I've often mentioned the books that used to reside at the family cabin in the Sierra's. I don't know if I've ever said that 95% of the books came from someone else's cabin. Friends sold their cabin in 1970 and we inherited all sorts of stuff, including the odd book below.

No, I would never buy a book about barbarians hacking people with swords. I wouldn't even pick up a book with this cover, even if there was a 4 for a buck offer. I'm just not into wizards, barbarians, swords, magic, etc. I know there's a whole market for this sort of stuff, but to me it's mind-numbing.

Kothar of the Magic Sword_tatteredandlost

The Enchanted Sword_tatteredandlost

Kothar of the Magic Sword pg_tatteredandlost

And the cover illustration just looks like a cheap rip-off of Frank Frazetta.

But what of the man who wrote this, Gardner Francis Cooper Fox? Now there's an interesting story. The following copy is from Wikipedia.

Gardner Francis Cooper Fox (May 20, 1911, Brooklyn, New York – December 24, 1986) was an American writer best known for creating numerous comic book characters for DC Comics. Comic-book historians estimate that he wrote over 4,000 comics stories.

(Image to left: by Gil Kane)
Gardner F. Fox was born in Brooklyn, New York on May 20, 1911. Fox recalled being inspired at an early age by the great fantasy fiction writers. On or about his eleventh birthday, he "had gotten The Gods of Mars and The Warlord of Mars" by Edgar Rice Burroughs, books which "opened up a complete new world for me." In a time before comics existed, he "read all of Burroughs, Harold Lamb, Talbot Mundy," maintaining copies "at home in my library" some 50 years later.

Fox received a law degree from St. John's College and was admitted to the New York bar in 1935. He practiced for about two years, but as the Great Depression dragged on he began writing for DC Comics editor Vin Sullivan. Debuting as a writer in the pages of Detective Comics, Fox "intermittently contributed tales to nearly every book in the DC lineup during the Golden Age." He was also a frequent contributor of prose stories to the pulp science fiction magazines of the 1930s and 1940s.

A polymath, Fox sprinkled his strips with numerous real-world historical, scientific, and mythological references, once saying, "Knowledge is kind of a hobby with me." For instance, in the span of a year's worth of Atom stories, Fox tackled the 1956 Hungarian revolution, the space race, 18th-century England, miniature card painting, Norse mythology, and numismatics. He revealed in letters to fan Jerry Bails that he kept large troves of reference material, mentioning in 1971 that:
"I maintain two file cabinets chock full of stuff. And the attic is crammed with books and magazines....Everything about science, nature, or unusual facts, I can go to my files or the at least 2,000 books that I have."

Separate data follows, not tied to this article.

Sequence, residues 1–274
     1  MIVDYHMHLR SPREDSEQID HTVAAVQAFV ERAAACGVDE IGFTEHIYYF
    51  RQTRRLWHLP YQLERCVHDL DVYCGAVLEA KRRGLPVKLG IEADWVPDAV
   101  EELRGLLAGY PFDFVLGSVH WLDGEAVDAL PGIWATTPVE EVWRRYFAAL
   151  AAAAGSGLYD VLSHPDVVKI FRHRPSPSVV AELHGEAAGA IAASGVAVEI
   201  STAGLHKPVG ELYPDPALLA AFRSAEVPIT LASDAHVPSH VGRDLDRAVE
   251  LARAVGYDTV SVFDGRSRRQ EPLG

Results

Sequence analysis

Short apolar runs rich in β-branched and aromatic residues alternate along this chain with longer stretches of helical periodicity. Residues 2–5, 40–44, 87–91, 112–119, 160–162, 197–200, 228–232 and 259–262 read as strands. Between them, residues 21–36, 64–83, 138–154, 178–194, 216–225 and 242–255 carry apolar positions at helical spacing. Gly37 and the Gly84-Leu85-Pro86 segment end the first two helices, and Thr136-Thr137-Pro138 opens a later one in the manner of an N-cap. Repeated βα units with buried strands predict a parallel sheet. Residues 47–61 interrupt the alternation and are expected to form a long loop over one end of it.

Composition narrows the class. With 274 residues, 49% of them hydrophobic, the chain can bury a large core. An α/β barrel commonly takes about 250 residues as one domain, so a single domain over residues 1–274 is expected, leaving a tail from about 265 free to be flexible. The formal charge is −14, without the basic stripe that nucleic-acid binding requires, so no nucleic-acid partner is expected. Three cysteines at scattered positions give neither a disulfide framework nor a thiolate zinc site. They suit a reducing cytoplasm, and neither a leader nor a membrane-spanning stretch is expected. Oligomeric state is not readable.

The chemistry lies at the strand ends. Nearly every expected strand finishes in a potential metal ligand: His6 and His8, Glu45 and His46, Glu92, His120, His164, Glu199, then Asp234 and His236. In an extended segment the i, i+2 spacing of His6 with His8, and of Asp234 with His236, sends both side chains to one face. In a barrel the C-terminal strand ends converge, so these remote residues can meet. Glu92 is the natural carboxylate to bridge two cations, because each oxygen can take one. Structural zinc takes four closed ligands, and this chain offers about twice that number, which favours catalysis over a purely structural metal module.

For years Fox worked for DC Comics writing Sandman, Batman, The Flash, Hawkman, and The Justice Society of America.
Fox stopped receiving work from DC in 1968, when the comics company refused to give health insurance and other benefits to its older creators. Fox, who had written a number of historical adventure, mystery and science fiction novels in the 1940s and the 1950s, began to produce novels full time, both under his own name and several pseudonyms. He produced a small number of comics during this period, but predominantly focused on novels, writing over 100 in genres such as science fiction, sword and sorcery, espionage, crime, fantasy, romance, western, and historical fiction.
According to this Wikipedia article Fox can be credited with creating around 1500 stories for DC comics "making him the second most prolific DC creator by a considerable margin over his nearest rival."

He died on December 24, 1989.
Among his output was the modern novelisation of the Irwin Allen production of Jules Verne's Five Weeks in a Balloon, two books in the "Llarn" series; five books about the barbarian swordsman Kothar (starting in 1969 with the anthology Kothar—Barbarian Swordsman) and four books about the adventures of "Kyrik," starting with Warlock Warrior (1975).
Strangely, there is no copyright page in this paperback. It doesn't even look like it was torn out. Standard placement of copyright information is on the verso of the title page. According to Amazon this edition came out in 1969. That would fit in with when it ended up at the cabin.

I can guarantee that I won't be reading this book.

UPDATE: Thanks to a commenter who took umbrage to my statement about the illustrator of this cover, I now know the name of the illustrator, Jeff Jones. The commenter is correct to say that the illustrator was good as you'll see here in a piece written about his work. I still maintain that what the publisher was hunting for was a knock-off of Frank Frazetta. Having worked in publishing for decades I know what it's like when an editor gets an idea in their head which doesn't correspond to their budget. They say "get me..." the latest and greatest when what they really mean is get me someone who can do what they do for half the price. 


  1. Anonymous6/01/2012

    The cover is not "a cheap rip off of Frank Frazetta". Its by an amazing artist Jeff Jones who Frazetta spoke very highly of.

  2. If he was a well respected artist that's nice to hear, but the reproduction on this book still makes it look pretty bad.